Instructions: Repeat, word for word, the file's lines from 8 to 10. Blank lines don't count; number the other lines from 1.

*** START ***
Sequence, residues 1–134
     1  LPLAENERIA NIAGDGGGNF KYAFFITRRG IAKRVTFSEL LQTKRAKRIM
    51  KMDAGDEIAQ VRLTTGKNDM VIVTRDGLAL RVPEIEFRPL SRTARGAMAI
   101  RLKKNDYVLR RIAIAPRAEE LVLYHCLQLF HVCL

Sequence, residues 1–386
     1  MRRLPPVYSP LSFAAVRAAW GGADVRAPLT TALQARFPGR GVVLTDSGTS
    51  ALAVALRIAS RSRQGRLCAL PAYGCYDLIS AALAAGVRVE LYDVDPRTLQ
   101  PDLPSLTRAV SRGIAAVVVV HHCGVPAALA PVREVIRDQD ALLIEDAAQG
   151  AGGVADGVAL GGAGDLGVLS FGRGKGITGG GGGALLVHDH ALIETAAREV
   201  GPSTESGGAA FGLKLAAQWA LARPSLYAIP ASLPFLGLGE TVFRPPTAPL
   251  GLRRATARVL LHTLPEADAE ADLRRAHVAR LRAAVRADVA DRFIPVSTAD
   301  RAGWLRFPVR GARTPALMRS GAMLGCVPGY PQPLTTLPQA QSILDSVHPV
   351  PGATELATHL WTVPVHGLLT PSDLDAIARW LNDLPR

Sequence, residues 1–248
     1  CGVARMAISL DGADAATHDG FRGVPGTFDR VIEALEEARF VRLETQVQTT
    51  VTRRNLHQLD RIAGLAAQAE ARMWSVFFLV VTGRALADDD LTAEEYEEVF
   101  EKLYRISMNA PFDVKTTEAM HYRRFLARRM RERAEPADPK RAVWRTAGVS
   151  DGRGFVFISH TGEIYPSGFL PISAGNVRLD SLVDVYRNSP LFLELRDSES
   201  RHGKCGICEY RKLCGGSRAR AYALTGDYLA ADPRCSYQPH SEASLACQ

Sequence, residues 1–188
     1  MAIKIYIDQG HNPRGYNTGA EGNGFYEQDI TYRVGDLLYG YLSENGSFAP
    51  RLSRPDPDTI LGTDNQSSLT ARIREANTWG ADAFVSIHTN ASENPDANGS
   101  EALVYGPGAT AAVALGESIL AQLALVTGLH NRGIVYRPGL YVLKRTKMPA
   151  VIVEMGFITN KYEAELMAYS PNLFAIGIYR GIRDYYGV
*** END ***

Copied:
   101  PDLPSLTRAV SRGIAAVVVV HHCGVPAALA PVREVIRDQD ALLIEDAAQG
   151  AGGVADGVAL GGAGDLGVLS FGRGKGITGG GGGALLVHDH ALIETAAREV
   201  GPSTESGGAA FGLKLAAQWA LARPSLYAIP ASLPFLGLGE TVFRPPTAPL